Step 4: Performing star detection on the captured image

Figure 4a. Star detection of a portion of Orion

What comes next after acquiring the star image is the pre-processing that involves noise removal and star centroid extraction, since a practical image capture circuit usually results in images that contain noise. Given also that the test scenario is on the ground, the light pollution may also have an effect on the quality of our captured star image. This is also one of the reasons why cloud-free skies are ideal for stargazing and astrophotography. In this step, we should also take note of the lens’ properties which can result in distortions.

Figure 4b. Noise removal and star centroid extraction

For us to identify which among these spots are stars or not, we’ll be performing image segmentation where the foreground is identified from the background. In our case, the foreground is where the star spot belongs to. Aside from identifying each star spot, these spots are distinguished from one another by Connected Components Labeling (CCL). 

Figure 4c. Image segmentation

After the connected components (CC’s) are labeled accordingly and grouped, centroids can now be computed. The goal of extracting each star/s centroids is to determine the position (coordinates) of each star visible in the image plane. Basically, what is done here is we are trying to retrieve the center of each star spot from a star image by basing it on the pixel information contained in the image. Then these image coordinate pairs will be converted into their much useful form (when it comes to attitude determination using star sensors) that can be used in star identification. In this image, the computed centroids of each detected star are plotted on top of the masked image.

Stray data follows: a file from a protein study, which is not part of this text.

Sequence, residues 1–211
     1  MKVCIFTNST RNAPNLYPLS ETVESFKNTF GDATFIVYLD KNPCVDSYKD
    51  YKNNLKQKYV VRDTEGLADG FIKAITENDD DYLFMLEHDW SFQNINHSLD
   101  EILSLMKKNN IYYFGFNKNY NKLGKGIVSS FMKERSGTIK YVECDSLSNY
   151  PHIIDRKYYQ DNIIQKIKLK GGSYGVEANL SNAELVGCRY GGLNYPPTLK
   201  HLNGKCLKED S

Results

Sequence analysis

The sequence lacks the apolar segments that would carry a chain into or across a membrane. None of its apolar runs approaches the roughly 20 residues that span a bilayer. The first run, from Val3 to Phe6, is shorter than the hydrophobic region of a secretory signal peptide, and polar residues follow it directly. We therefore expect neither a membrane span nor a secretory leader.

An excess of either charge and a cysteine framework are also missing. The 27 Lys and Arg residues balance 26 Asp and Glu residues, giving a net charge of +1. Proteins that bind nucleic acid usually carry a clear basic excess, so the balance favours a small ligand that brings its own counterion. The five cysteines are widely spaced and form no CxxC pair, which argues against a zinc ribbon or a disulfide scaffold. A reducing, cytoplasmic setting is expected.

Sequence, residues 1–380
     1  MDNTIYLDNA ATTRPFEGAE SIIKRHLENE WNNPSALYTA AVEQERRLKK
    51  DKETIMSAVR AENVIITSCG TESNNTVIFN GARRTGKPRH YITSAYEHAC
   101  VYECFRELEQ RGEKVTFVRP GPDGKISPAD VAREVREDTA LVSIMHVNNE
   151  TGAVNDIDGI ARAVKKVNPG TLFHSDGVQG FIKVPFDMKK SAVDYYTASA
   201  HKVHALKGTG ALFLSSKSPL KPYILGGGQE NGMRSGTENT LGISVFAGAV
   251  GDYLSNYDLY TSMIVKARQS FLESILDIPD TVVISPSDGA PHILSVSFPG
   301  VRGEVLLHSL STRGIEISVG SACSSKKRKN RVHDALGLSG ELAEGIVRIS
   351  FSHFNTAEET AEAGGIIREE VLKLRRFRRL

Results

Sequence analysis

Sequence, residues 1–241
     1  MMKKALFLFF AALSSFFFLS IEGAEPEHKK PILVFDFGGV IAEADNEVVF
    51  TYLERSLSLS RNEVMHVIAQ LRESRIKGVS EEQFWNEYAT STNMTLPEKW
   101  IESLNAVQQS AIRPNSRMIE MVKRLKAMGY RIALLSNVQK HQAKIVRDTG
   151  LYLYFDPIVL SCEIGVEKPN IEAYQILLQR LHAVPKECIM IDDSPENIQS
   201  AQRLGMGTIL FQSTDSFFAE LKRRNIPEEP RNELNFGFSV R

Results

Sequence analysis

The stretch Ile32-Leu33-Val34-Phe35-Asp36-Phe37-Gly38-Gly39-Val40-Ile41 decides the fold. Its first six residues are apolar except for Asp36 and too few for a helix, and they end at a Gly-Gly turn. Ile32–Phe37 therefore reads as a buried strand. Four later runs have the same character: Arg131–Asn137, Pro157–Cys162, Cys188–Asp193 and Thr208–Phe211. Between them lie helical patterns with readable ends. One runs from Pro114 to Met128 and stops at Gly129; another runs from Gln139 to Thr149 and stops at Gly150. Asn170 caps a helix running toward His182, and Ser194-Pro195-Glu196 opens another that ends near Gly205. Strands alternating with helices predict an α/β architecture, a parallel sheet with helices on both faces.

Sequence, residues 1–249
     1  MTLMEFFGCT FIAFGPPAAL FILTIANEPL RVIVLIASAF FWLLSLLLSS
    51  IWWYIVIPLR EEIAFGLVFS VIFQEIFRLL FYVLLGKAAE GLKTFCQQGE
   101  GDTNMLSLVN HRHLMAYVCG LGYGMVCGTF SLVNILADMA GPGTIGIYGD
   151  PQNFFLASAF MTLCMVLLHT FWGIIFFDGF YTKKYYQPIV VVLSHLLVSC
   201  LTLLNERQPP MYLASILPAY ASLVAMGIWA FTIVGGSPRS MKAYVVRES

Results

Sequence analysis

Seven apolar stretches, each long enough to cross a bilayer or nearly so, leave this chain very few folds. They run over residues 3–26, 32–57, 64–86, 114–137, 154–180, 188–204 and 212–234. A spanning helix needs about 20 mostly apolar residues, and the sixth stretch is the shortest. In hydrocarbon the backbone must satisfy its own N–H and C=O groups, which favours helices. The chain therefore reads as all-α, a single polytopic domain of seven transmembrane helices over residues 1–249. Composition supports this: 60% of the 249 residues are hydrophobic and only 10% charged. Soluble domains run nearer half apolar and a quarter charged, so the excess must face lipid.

Figure 4d. Computed centroids

In the image below (Figure 4e), we just superimposed the computed centroids of each detected star on the original or raw star image for visualization of their locations.

Figure 4e. Centroids superimposed on the star image

Step 5: Proceeding with star identification of detected stars

Figure 5a. Star identification time lapse

As the stars are detected by centroiding, the next step is to utilize the star triad database that was created previously for matching.

Figure 5b. Stars detected by centroiding

Initially, the criteria for selecting the first triad is the brightness value of stars. The first three bright stars (Mintaka AB, Alnitak B, Betelgeuse)  are used for the first matching process.

Figure 5c. The brightest triad of stars measured for identification

Using the same process, the angular distances of each star pair is calculated and used to form a triangle.

Figure 5d. Calculation of angular distances of each star pair

The feature matching is now initiated and the star triads measured from the image are compared to all available star triads in the database.

Figure 5e. Initiation of feature matching

Typically, an efficient search and matching algorithm is used to make the matches as fast and as accurate as possible.

Figure 5f. The algorithm used was the Modified Triangle Algorithm Utilizing the Angular Distance Matching Method based on Zhang G’s Star Identification Methods (Techniques and Algorithms, pp. 78 – 92).

One way of determining if a match is found, is measuring each angular distance between the triangles, and computing the difference, the value difference with the least error then is therefore the closest match for the given image.

Figure 5g. Continuation of feature matching
Figure 5h. Continuation of feature matching

Once a match is found, the corresponding stars of that star triad is identified. The star triangle database also contains the star IDs of the star triads, as well as their celestial coordinates. Once the stars coordinates of the identified stars are collected, we can now proceed to use these coordinates to compute the current attitude of the spacecraft.

Figure 5i. Selection of triad with the least error

Hence, the final product showing the identified stars in the captured star image shared at the beginning of this article.

Final product

You can also check out the star identification simulation below.

Star identification simulation. The numbers on the left are the identified star IDs corresponding to the stars found on the right-side and  the rectangular image on the middle shows the simulated camera image. The right-side image also shows the star triad matching process. 

REFERENCES

[1] G. Zhang, Star Identification: Methods, Techniques and Algorithms, Springer Berlin Heidelberg, 2017.

[2] HIPPARCOS-2, www.cosmos.esa.int/web/hipparcos/hipparcos-2.